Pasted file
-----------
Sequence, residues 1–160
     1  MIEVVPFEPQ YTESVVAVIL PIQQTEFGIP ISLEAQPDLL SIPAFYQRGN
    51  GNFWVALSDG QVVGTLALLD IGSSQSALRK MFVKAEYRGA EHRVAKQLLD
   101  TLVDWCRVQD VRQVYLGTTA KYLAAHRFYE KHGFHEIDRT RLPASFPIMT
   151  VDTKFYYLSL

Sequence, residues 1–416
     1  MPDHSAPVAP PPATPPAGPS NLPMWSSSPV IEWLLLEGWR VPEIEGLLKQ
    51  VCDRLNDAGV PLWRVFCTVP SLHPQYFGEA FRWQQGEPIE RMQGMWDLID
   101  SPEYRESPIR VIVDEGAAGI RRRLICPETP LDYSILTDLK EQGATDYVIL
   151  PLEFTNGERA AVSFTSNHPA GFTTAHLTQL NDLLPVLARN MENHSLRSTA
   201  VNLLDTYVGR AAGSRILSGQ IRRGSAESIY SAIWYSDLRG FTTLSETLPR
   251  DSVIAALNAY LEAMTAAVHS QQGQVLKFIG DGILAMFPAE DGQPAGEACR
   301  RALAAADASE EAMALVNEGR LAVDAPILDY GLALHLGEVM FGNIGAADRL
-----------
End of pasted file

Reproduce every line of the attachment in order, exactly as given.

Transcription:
Sequence, residues 1–160
     1  MIEVVPFEPQ YTESVVAVIL PIQQTEFGIP ISLEAQPDLL SIPAFYQRGN
    51  GNFWVALSDG QVVGTLALLD IGSSQSALRK MFVKAEYRGA EHRVAKQLLD
   101  TLVDWCRVQD VRQVYLGTTA KYLAAHRFYE KHGFHEIDRT RLPASFPIMT
   151  VDTKFYYLSL

Sequence, residues 1–416
     1  MPDHSAPVAP PPATPPAGPS NLPMWSSSPV IEWLLLEGWR VPEIEGLLKQ
    51  VCDRLNDAGV PLWRVFCTVP SLHPQYFGEA FRWQQGEPIE RMQGMWDLID
   101  SPEYRESPIR VIVDEGAAGI RRRLICPETP LDYSILTDLK EQGATDYVIL
   151  PLEFTNGERA AVSFTSNHPA GFTTAHLTQL NDLLPVLARN MENHSLRSTA
   201  VNLLDTYVGR AAGSRILSGQ IRRGSAESIY SAIWYSDLRG FTTLSETLPR
   251  DSVIAALNAY LEAMTAAVHS QQGQVLKFIG DGILAMFPAE DGQPAGEACR
   301  RALAAADASE EAMALVNEGR LAVDAPILDY GLALHLGEVM FGNIGAADRL